Volunteers have found evidence of rats inside the Bushy Park Tarapuruhi forest sanctuary for the first time in five years.
A few footprints were found in a corner of the 100ha Whanganui sanctuary during the most recent rodent audit, sanctuary manager Mandy Brooke said.
The endangered tieke and hihi reintroduced to the sanctuary are very vulnerable to rats, and keeping them safe is a number one priority.
Groups of 15 to 20 volunteers have been at the sanctuary twice a week, setting up and monitoring tracking tunnels baited with peanut butter. The tunnels contain cards that record the footprints of animals taking the bait, and there have been a few rat footprints.
Rodent audits are undertaken at least four times a year. The last one was in February, Brooke said.
Traps and poison baits have been laid in the corner of the sanctuary where the footprints were found. Baits are being taken by rats, but none have been caught so far.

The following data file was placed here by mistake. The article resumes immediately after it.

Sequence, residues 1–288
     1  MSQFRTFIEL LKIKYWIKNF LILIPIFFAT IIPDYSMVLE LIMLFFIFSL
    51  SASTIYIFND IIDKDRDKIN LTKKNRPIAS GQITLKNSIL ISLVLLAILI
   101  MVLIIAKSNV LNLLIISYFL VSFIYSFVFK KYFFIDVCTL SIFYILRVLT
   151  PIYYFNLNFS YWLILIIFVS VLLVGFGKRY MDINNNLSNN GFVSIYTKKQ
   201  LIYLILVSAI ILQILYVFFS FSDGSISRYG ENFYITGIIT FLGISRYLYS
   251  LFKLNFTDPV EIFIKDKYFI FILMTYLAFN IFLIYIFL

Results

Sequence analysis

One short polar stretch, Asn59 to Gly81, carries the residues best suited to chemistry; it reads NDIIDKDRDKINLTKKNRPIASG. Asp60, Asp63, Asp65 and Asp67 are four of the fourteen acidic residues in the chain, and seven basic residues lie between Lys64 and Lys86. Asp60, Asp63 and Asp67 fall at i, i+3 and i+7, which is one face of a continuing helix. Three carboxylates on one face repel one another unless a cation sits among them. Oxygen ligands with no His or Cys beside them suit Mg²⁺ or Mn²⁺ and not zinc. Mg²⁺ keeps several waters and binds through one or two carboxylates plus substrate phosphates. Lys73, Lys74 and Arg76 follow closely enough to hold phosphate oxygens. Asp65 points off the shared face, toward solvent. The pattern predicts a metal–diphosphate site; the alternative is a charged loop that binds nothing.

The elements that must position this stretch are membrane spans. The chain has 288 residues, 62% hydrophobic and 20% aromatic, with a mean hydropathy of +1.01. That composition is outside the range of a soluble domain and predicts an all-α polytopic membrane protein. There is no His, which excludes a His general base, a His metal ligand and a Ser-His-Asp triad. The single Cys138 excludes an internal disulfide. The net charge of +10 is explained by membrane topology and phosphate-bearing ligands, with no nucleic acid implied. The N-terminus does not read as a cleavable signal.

Brooke is consulting the Department of Conservation about what else can be done.
There is no sign of a breach in the sanctuary's predator-proof fence where the footprints were found. It was checked regularly during the lockdown.
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The last time rats were found in the sanctuary was in late 2014, and there were more of them across the forest. They were eradicated by February 2015. After that, rodent audits were done every six weeks to make sure they had not returned.
Incursions are common at predator-free sanctuaries and the rats will be re-eradicated, Brooke said.
The only other instance of rats inside the fence was one caught in the forest surrounding the homestead building. That area has a separate internal fence to contain any rat that arrives in a vehicle.
"We trap that space intensively all the time. I think this shows that our monitoring is working and our response is solid."
Having to eradicate rats again is stressful and frustrating, Brooke said.
"I'm mad about it, but it's what we have to deal with right now."